arts programs could not project a do-good 
attitude— that would simply cause the pro- 
grams to fall apart. 

The participating inmates began to 
feel a new energy and self-awareness. Thus, 
when a prisoner was released, the question 
was raised: "How do I now pursue a rela- 
tionship with others on the outside so that 
I can continue to learn and grow as a 
creative person?" It became clear that there 
was a growing need for continued work by 
the same group of artists with the inmate 
during the reentry period. 



More effective stimulating program- 
ming by agencies— such as the Department 
of Criminal Justice, the Department of 
Labor, the Department of Health, Educa- 
tion and Welfare, the Law Enforcement 
Assistance Act, the Federal Bureau of 
Prisons and other service agencies— is now 
being advocated and studied. Experiences 
of artists who have worked with the incar- 
cerated have varied, yet the majority have 
been rewarding. Although prison programs 
have not been adopted into the penal 
system as ongoing programs, we now know 
that they can replace— at a lower cost- 
many of the services presently offered to 
inmates. 

The artist had succeeded if he or 
she did not water down the artistic process 
or overestimate its impact. The artist 
touched base in a community hidden away 
from society and, as a result, changed it in 
the process. Whenever possible, the artists 
developed program models which the in- 
mates could successfully adopt and put 
into operation. 

GRAFFITI-On Second Glance, Not 
Simply an Urban Disorder 

The creativity and ideas of a group 
of painters who came together after observ- 
ing and considering the intense amount of 
graffiti on outdoor walls, signs, public 
vehicles and virtually all other public 
structures brought about a beneficial 
project for the community and graffiti 
artists. It occurred to these artists that the 
energy at work in these creations was 
neither incidental nor isolated, but rather 
the expression of an overwhelming need for 
a visual expression by residents in neighbor- 
hoods which offered no support or respon- 
siveness to creative needs. The graffiti was a 
persistent, not a disappearing or lessen- 
ing, phenomenon. 

As a visual explosion, graffiti began 
to take on a more and more organized 
look. The gigantic cartoon fantasies created 
with spray materials often appeared to 
require a team effort for their realization. 
Destructive or not, this activity indicated 
that something was going on which might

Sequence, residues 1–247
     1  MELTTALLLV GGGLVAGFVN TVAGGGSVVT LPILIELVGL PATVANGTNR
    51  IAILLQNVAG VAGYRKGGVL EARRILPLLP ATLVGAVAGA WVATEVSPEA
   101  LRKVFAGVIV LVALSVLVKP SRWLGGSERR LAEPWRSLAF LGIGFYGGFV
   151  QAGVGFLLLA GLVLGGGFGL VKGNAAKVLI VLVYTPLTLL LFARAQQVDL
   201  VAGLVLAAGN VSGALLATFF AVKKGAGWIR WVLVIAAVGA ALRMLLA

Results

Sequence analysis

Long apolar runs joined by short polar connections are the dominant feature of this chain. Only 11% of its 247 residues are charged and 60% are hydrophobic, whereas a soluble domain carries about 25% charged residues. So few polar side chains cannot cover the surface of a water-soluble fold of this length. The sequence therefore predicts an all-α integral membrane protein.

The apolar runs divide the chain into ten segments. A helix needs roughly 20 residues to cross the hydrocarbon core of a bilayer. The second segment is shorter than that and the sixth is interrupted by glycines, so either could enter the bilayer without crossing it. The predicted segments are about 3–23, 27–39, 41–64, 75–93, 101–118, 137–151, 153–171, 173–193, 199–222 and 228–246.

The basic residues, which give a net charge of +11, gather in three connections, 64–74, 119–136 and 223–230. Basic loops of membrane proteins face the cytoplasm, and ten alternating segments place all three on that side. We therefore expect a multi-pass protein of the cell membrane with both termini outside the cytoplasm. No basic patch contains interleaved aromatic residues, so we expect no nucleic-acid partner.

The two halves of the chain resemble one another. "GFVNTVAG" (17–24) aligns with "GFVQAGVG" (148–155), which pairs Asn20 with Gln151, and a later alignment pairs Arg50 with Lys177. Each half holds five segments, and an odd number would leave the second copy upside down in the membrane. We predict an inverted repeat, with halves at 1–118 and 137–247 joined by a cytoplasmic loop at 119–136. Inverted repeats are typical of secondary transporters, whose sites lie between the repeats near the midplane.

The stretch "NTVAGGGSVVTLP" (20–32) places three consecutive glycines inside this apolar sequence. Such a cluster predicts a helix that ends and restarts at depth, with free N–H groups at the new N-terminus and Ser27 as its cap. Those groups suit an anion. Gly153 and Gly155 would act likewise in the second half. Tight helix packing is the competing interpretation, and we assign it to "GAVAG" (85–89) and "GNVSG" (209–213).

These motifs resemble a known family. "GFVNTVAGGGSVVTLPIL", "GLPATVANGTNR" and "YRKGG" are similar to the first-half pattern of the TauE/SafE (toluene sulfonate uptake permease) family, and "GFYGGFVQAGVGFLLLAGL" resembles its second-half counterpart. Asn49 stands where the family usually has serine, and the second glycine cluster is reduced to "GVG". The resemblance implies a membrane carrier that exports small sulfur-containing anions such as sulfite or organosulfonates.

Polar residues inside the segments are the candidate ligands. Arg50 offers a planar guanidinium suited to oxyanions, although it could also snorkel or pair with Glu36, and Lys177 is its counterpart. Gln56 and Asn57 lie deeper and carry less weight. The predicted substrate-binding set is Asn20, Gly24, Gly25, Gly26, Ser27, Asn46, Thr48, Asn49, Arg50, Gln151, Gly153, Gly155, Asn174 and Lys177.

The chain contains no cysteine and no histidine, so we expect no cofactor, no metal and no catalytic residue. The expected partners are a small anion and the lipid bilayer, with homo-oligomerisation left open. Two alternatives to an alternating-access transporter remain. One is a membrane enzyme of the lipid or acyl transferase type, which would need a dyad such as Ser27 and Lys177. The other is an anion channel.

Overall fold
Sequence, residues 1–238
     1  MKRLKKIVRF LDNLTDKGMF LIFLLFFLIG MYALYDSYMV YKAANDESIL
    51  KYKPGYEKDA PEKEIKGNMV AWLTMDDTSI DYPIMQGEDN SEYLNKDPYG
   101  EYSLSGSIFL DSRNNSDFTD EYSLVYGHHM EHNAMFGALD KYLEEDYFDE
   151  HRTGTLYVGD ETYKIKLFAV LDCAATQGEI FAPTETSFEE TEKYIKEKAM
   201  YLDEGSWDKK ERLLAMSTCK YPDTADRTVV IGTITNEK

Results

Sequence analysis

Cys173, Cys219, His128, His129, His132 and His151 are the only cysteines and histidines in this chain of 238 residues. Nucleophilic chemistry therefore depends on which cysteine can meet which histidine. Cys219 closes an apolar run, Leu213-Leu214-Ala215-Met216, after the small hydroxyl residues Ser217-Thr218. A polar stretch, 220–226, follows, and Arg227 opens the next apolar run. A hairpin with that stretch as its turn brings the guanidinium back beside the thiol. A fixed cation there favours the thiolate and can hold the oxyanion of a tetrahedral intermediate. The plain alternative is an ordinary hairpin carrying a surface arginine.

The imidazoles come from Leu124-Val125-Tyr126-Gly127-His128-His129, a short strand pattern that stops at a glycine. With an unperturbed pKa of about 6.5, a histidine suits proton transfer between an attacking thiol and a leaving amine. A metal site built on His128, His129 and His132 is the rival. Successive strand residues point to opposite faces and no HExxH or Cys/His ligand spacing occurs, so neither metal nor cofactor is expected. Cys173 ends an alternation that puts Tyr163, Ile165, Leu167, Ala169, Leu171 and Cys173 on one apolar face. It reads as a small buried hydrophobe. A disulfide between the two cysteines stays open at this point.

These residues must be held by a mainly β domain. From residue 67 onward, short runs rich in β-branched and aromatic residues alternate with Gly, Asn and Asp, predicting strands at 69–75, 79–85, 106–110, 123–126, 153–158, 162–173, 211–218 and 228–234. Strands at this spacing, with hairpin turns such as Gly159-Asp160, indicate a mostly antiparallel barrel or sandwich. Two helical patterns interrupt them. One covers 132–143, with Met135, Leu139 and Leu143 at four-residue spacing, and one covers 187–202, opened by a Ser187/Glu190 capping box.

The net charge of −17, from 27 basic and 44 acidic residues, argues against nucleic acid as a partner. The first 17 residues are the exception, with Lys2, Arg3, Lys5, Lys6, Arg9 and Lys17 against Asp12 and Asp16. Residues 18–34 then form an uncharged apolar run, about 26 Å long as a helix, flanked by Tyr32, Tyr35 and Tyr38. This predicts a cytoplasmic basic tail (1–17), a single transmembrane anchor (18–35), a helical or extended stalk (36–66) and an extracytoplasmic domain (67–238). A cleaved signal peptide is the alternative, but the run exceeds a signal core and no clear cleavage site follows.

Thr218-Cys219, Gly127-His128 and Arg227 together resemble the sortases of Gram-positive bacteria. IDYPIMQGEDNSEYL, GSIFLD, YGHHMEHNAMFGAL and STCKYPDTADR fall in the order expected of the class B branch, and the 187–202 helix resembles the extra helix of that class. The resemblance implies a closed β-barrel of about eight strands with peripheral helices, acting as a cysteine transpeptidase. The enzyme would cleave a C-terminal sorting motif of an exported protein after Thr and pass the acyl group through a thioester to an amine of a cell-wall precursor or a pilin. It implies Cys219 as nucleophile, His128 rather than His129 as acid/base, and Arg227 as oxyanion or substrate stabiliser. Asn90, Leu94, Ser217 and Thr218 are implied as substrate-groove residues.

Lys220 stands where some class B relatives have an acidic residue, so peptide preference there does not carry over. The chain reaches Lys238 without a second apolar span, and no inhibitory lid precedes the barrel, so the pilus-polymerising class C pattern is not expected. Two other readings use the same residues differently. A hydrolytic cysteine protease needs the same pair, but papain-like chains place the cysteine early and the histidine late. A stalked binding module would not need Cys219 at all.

be redirected. Some of the artists who 
resided in the community began to 



4 



approach a few of the youths making it in 
graffiti. In a casual manner, almost one by 
one, the graffiti makers began coming into 
the studio the artists had organized. Early 
on, the youths saw slides of graffiti they 
had created. The graffiti slides were viewed 
along with works by professional artists. In 
this perspective, some of them were turned 
on by their very own visuals. Also, this 
method of comparison served to take them 
a step further in the creative process, 
beyond spontaneous graffiti. 

Rap sessions helped the graffiti 
makers and the local artists to establish a 
sense of rapport. This relationship resulted 
in the youths beginning a design for an 
outdoor wall mural in their community. 
Designing, scaling and planning for the 
project became a technical and creative 
experience which evoked the same feelings 
of excitement encountered in producing 
graffiti. However, this time permanent 
tools and creative alternatives were being 
developed; the interested response of the 
community, from both the adults and the 
young people in the area, added incentive 
to the project. 

Adapt programs to the 

communities' lifestyles, 
needs and heritage. 




From this initial project, a mural 
studio and a professional training program 
for small design groups has evolved. The 
studio produced high quality work and 
began to acquire design projects; as the 
program developed it turned on the other 
committed, graffiti-producing youth in the 
area. The fact that less graffiti appeared in 
the neighborhood was a side effect of the 
project; the original intent was to allow a 
creative experience to evolve from existing 
activities in the neighborhood. That very 
experience began to neutralize and reverse 
the other activity and presented an 
alternative which was not artsy, but 
creative. In this case, as in the prison situa- 
tion, the artists were not addressing them- 
selves to mere substitutions for the existing 
conditions, but providing meaningful 
choices in people's lives. The program pro- 
vided the youths with not only an 
opportunity to grow and express them-